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Is Literature Losing a Battle with Commercial Monoculture?

By Edward Nawotka, Editor-in-Chief

“A creeping homogenization is developing in prose fiction, a kind of generic international content and style that transcends national borders,” writes Burton Pike in today’s feature story, “Cultural Homogeneity and the Future of Literary Translation.” The result, he suggests, is a kind of prose that is of everywhere, but from nowhere. It’s commercial, rather than cultural. And the effect it is having on fiction, in particular, is deleterious.

But is this actually happening? And if so, why?

Several examples come to mind. If you listen to Kazuo Ishiguro — that most English of writers — discuss his career, as he did with Rick Kleffel on the publication of Never Let Me Go, he identifies a moment when he realized that his career almost demanded a kind of transition from the cultural hyper-specificity of his early works to a somewhat more generic world. The result was his transition into abstraction and lite SF. The change was partially motivated by the need to ease the burden on his translators.

And look at the past several years of mega-hits? Are they not largely based in and around stories that reflect little of contemporary culture and rely, instead on their their own self-created world? The Hunger Games, Harry PotterFifty Shades?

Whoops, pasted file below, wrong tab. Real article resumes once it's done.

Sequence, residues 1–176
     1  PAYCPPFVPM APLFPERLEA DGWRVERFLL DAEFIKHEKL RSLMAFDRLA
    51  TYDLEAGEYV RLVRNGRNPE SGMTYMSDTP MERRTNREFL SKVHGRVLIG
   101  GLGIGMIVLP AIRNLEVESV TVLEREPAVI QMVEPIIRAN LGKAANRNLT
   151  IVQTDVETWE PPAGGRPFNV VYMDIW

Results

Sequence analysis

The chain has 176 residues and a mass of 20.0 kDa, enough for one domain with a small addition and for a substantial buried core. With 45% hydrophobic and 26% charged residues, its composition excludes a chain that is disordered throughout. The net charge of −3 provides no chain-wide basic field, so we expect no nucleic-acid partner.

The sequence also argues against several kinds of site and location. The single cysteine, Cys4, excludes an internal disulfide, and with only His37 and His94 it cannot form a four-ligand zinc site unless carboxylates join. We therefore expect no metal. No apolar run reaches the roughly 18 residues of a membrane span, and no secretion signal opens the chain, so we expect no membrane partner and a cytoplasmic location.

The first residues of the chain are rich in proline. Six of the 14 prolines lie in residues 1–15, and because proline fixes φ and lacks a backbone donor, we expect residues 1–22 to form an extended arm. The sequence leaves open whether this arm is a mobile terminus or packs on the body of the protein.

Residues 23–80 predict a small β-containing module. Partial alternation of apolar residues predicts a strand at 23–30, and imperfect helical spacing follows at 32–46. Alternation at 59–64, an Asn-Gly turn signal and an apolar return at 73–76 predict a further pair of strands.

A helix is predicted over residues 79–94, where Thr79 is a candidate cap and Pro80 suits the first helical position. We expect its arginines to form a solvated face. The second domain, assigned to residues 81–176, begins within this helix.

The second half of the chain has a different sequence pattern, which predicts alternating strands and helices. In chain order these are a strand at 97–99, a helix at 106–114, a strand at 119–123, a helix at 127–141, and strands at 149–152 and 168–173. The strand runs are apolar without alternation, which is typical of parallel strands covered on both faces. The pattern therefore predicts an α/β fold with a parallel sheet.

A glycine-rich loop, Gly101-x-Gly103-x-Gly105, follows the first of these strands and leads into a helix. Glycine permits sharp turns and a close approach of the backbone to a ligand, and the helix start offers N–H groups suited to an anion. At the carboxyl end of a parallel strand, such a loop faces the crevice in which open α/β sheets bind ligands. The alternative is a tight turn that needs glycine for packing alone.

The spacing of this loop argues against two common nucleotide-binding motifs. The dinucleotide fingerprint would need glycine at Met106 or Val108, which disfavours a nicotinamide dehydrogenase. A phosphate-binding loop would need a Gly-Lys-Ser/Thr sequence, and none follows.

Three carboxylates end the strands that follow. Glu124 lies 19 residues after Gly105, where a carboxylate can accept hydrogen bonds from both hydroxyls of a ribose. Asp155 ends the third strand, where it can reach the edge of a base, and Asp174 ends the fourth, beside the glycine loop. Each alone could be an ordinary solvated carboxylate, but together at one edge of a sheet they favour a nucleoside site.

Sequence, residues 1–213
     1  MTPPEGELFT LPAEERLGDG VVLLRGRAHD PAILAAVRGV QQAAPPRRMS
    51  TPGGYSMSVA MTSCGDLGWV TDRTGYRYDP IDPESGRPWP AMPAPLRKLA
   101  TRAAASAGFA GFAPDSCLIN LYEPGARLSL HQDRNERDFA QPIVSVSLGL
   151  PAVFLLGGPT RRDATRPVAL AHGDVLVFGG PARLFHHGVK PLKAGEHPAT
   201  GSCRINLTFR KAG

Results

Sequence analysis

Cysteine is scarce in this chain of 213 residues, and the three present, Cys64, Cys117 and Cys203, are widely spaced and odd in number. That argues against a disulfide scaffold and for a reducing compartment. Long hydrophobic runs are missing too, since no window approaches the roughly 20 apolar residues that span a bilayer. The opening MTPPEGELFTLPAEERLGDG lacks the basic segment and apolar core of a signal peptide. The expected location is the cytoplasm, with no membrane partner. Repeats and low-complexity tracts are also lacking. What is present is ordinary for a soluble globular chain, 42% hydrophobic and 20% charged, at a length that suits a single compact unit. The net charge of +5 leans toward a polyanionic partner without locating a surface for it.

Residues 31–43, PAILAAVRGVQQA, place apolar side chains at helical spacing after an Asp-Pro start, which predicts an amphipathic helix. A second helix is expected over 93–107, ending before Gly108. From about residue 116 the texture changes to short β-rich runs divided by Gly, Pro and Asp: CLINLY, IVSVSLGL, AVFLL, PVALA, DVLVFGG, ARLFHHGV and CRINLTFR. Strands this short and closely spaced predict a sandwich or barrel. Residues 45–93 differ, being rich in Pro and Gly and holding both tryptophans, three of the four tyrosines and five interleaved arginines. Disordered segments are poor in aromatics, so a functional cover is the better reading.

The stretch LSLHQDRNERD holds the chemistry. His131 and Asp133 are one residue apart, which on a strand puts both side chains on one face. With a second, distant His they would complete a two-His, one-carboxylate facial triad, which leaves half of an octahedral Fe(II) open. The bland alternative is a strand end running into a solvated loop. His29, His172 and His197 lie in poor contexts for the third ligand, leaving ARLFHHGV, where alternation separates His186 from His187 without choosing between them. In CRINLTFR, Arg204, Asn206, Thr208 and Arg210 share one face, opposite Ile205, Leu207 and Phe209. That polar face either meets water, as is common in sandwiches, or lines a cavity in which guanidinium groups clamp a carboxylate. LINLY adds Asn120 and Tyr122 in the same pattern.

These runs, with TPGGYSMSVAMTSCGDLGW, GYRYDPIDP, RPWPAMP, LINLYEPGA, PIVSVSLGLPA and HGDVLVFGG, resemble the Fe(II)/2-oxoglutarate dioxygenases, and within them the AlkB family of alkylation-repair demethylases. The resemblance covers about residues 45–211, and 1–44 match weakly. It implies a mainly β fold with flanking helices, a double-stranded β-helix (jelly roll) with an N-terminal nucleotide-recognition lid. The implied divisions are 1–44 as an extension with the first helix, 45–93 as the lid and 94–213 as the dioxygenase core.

I suspect part of the reason we love those books so much is because they offer a simulacrum of world we live in — a place where the consolidation of commercial power has leveled the cultural landscape into a medium for frictionless transactions. When the language of commerce (and sex) dominates everything, where is there room for the political or cultural?

I suppose that resides at the level of the individual, which is why we so rarely see novels these days that truly try to summarize a particular historical moment or epoch, ones with the grand sweep and ambition of capturing an entire culture, a complete time and place. We do get lots of memoirs though.

Yes, among the living English-speakers, we still have our Jonathan Franzens, Tom Wolfes. AM Holmes’s, Mark Helpins, [insert your favorite name here], but they are rare creatures. And, certainly, they are not always consistently good. If in fact, their books are flawed — seriously flawed — isn’t that merely a reflection of the human experience? Is’t that the point of literature?

If you flatten the language to such an extent that it becomes a generic reflection of everything, but stands for nothing? What are you left with?

Agree, disagree? Let us know in the comments.

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7 Comments

  1. Posted January 22, 2013 at 11:08 am | Permalink

    Two words. Alice Munro. Okay, several more: the perfection of her writing and the cultural specificity of her stories has given her a whole world of literary fiction readers, far beyond the Canada of her citizenship and 90% of her story settings.
    I’d also like to add Peter Carey (Australia), Bodil Bredsdorff (Denmark), and Mohsin Hamid (Pakistan) as well but then I am blurring the line between literary excellence and the global audience the latter two, in particular, deserve.